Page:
by Jennifer Hickey, Esq., Postdoctoral Fellow, Vulnerability and the Human Condition Initiative
A recently published essay, “United by Feelings,” explores the idea that the basic emotional structure of the mind is a biological fact universal to all mammals. The authors reject the “constructionist” view that human emotions are not innate and are merely contextual interpretations of bodily sensations. Constructionists theorize that our minds categorize feelings into emotions that appear instinctual because we do not have conscious access to this mental categorization. For example, if your stomach is churning while you are in a bakery, your brain may perceive this as hunger, while in a hospital waiting room, your brain may label the feeling as worry. The emotion is cognitively constructed based upon the circumstances. In this sense, constructionists believe that emotions are “learned” through cultural experience.
The essay’s authors are proponents of affective science, which offers a different view. They submit that deep emotions are not conceptually constructed. Rather, all mammals share seven primary emotions which evolved to aid survival: fear, lust, care, play, rage, seeking, and panic/grief. These emotions are then filtered through three levels of the mind, which produce subtle distinctions across cultures and individuals. The evolution of the mind is thus a story of how these layers developed and formed a “feedback loop” that is “not strictly a brain process, but an embodied, enactive, embedded, and sociocultural process.”
This affective/emotional approach allows us to fully consider the role and contribution of feelings in perception, thinking, decision-making, and social behavior. Rather than idealizing rational thought and portraying emotions as mere complications that disrupt or corrupt reason, we can begin to examine the true contributions that emotions have made to human achievement. Indeed, the authors point out that the advances of the complex tool industry and the evolution of human family structures could not have happened without parallel advances in the emotional life of man.
How should this idea of universal emotion influence law and policy? Vulnerability theory asks us to imagine a state responsive to the fact that, as embodied beings that are constantly susceptible to changes in our physical and social well-being, we are all universally vulnerable. This “vulnerable subject” stands in sharp contrast to the traditional legal subject, assumed to be an autonomous, independent, and self-sufficient actor. This autonomous liberal subject is also presumed completely rational.
Rationality is privileged in our legal and political systems as well as in our social and cultural institutions. The derogatory label of “emotional” is often placed upon individuals thought to be acting in a manner contrary to intellectual and social norms that idealize the rational actor. At the same time, scholars of the interdisciplinary field of Law and Emotions highlight that legal decision-making is permeated with implicit assumptions about emotions that are considered natural responses and are thus “rational” rather than “emotional.” This negative perception of emotions is rooted in neoliberal thought. If, as the essay suggests, emotions are a universally inherent aspect of our shared embodiment, akin to our bones and organs, are we destroying our concept of shared humanity by continuing to perpetuate the myth that making decisions based on emotion is undesirable?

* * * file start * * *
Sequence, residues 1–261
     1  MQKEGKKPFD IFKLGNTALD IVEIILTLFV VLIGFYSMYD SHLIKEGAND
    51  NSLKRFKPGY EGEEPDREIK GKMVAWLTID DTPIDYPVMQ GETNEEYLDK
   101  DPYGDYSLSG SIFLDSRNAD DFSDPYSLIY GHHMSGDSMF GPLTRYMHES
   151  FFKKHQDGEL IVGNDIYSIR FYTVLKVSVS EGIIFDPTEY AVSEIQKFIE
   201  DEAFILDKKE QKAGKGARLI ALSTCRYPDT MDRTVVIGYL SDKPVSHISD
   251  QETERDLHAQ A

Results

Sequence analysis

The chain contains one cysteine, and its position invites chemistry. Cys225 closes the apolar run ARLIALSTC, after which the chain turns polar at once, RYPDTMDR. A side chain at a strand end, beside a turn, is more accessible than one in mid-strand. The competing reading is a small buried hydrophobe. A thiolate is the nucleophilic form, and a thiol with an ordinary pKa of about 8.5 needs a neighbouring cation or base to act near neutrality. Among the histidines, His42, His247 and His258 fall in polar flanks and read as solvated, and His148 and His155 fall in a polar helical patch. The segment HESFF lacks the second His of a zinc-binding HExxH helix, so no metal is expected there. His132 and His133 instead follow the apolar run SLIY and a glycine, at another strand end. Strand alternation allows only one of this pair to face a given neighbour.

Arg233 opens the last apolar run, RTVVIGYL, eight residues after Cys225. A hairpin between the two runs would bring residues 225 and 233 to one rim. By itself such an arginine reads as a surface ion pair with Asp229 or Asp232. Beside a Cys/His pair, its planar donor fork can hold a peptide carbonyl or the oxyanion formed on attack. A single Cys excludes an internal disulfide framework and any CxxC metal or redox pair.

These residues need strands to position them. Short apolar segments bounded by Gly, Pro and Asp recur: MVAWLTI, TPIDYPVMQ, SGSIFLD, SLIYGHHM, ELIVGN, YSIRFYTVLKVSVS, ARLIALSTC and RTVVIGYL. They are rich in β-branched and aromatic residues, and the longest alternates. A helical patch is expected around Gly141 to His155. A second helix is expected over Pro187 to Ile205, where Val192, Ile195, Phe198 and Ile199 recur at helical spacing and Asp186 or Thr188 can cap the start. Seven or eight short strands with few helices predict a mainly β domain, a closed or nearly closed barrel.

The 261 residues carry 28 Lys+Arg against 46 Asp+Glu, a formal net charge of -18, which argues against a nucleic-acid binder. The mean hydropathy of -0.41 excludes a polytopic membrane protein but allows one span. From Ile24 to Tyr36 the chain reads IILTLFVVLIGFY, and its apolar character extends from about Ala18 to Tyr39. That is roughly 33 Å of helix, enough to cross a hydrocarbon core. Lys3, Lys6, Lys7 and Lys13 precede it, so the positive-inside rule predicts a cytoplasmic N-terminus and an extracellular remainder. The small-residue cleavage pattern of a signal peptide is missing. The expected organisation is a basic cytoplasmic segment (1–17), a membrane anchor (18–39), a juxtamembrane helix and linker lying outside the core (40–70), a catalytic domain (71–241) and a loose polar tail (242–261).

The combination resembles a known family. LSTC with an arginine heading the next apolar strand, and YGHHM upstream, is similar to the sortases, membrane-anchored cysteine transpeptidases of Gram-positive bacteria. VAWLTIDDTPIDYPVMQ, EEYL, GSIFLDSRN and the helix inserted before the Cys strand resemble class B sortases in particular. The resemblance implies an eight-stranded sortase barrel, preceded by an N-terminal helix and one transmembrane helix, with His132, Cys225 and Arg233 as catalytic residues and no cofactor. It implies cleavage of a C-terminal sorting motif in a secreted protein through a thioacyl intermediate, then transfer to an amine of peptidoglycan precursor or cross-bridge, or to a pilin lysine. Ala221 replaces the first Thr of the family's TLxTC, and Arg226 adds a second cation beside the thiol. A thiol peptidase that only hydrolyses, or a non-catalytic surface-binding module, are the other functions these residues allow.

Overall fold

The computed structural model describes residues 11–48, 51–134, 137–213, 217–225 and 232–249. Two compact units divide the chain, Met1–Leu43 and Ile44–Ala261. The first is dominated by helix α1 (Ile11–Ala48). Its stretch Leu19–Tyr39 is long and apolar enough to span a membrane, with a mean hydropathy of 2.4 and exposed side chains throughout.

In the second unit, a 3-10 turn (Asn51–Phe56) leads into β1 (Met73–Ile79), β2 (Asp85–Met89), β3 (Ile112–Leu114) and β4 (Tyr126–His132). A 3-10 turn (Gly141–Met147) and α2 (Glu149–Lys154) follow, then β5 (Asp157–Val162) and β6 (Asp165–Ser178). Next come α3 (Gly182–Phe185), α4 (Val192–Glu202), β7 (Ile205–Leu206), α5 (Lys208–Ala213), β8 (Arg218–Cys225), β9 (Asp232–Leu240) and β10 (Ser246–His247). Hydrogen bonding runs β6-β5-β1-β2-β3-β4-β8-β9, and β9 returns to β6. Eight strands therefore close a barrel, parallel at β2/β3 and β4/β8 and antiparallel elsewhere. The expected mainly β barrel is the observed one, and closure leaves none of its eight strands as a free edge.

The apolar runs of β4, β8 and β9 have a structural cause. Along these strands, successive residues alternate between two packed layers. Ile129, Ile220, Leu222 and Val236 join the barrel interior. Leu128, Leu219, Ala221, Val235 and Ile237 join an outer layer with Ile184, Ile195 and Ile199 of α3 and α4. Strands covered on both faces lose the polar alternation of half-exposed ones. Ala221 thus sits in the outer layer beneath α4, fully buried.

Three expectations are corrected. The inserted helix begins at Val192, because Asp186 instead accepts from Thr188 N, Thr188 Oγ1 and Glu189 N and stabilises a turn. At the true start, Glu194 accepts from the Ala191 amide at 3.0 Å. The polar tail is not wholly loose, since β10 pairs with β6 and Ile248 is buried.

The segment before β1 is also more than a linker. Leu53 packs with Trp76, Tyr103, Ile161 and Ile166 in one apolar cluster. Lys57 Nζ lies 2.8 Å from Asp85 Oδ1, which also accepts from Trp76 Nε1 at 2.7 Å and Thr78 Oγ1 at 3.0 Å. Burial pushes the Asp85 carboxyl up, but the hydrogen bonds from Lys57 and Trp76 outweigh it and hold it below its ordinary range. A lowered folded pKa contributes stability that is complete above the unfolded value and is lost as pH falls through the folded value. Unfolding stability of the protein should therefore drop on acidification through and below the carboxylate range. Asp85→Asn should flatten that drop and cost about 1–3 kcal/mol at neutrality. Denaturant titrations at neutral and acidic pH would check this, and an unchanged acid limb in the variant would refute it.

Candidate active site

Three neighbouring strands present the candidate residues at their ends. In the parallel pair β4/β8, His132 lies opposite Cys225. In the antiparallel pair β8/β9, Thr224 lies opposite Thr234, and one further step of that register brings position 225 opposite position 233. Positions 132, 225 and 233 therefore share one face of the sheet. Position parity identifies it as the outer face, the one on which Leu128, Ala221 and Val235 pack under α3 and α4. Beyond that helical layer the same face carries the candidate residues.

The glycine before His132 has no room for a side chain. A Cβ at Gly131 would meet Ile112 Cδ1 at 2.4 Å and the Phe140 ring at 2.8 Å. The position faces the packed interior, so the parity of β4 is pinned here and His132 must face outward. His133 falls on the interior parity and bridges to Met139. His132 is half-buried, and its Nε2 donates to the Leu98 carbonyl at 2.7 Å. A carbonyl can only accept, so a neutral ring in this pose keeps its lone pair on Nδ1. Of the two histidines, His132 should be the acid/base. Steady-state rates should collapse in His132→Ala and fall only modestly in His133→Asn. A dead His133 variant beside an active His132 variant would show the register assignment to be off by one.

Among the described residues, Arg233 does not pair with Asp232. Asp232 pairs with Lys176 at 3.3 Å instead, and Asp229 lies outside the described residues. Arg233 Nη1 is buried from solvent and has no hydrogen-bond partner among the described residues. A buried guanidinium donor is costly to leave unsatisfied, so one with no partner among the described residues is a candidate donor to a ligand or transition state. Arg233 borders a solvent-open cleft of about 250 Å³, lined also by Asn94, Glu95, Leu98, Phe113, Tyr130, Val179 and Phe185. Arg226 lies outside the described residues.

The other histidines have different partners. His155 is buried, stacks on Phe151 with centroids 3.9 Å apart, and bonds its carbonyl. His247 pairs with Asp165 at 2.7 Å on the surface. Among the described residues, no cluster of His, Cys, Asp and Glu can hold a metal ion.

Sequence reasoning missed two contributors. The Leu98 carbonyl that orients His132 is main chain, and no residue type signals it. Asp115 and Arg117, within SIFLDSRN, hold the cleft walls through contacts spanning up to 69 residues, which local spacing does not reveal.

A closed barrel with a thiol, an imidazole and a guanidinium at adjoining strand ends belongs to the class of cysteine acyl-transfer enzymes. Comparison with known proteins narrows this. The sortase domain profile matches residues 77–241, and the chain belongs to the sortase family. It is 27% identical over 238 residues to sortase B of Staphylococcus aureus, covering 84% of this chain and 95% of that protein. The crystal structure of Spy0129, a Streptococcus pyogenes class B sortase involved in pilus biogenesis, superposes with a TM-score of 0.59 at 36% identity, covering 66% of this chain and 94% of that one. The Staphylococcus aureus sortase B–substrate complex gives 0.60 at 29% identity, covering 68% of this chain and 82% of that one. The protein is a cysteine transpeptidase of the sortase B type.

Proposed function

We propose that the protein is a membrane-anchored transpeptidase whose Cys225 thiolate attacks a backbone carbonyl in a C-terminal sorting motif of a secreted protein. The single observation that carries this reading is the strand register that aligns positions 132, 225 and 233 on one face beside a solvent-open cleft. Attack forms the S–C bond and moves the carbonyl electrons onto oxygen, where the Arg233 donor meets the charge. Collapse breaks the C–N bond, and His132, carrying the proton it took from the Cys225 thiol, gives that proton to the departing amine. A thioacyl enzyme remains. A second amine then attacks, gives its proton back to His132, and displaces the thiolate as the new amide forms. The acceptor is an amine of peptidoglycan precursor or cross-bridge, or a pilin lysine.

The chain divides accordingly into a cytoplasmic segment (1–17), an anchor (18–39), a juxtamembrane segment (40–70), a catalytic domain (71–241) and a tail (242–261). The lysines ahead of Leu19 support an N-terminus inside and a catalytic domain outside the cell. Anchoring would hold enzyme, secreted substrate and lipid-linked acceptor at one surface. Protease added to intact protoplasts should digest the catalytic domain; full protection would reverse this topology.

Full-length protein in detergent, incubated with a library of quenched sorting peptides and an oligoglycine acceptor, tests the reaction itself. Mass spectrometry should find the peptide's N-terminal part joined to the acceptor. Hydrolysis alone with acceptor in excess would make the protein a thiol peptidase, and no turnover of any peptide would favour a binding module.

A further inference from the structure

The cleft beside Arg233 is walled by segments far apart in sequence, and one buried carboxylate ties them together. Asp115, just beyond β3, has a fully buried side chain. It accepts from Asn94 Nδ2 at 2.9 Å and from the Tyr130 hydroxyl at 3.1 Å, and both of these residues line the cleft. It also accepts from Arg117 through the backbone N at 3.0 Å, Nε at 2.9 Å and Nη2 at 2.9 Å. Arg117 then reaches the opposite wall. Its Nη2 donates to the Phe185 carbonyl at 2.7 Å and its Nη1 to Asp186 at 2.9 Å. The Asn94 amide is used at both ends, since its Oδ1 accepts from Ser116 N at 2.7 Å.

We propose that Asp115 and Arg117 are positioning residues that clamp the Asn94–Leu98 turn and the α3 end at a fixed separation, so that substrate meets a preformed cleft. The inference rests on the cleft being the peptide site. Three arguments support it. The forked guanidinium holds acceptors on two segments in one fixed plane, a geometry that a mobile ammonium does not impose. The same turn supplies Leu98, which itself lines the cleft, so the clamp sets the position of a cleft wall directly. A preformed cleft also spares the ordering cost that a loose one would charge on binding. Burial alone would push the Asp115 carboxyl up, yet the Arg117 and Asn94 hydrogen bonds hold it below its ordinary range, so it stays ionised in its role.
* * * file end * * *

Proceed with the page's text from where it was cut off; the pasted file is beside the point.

What does it mean to say we are equally emotional on a biological level; that our emotions are not fundamentally a product of our cultural experiences? Assumptions are often made about the level of rationality of certain gender, ethnic and racial groups, leading to discrimination sometimes deemed impermissible by a legal system focused on identifying and segmenting humans into discrete populations. For example, pervasive stereotypes of women as inherently more “emotional” creatures have cast doubt on women’s abilities to fulfill leadership roles and make appropriate (i.e. “rational”) decisions on behalf of employers. Might an understanding of universal emotions enable a more holistic approach to ensuring substantive equality? Further, could this understanding help reduce the stigma associated with recognizing and compensating emotional injury and providing the emotional resources needed to achieve resilience?
Approaching the legal subject as an emotional one raises interesting questions about how the law should apply to both children and animals as well. It has long been debated whether animals should be treated as “property” within the legal system. Similarly, children are offered limited legal protections and privilege is placed on the parent’s “ownership” of the child. Redefining our view of humanity as primarily based on our shared ancestral emotions provides us with an opportunity to view childhood as an inevitable developmental stage in the life of the vulnerable subject, rather than viewing children (or animals) as lesser beings due to their limited cognitive and linguistic abilities.
As embodied beings, we are emotional beings. And if this essay’s theories are correct, we share a common set of emotions that unite us all. Such insights provide an exciting opportunity to revisit our concept of shared humanity and envision a state responsive to our universal vulnerability.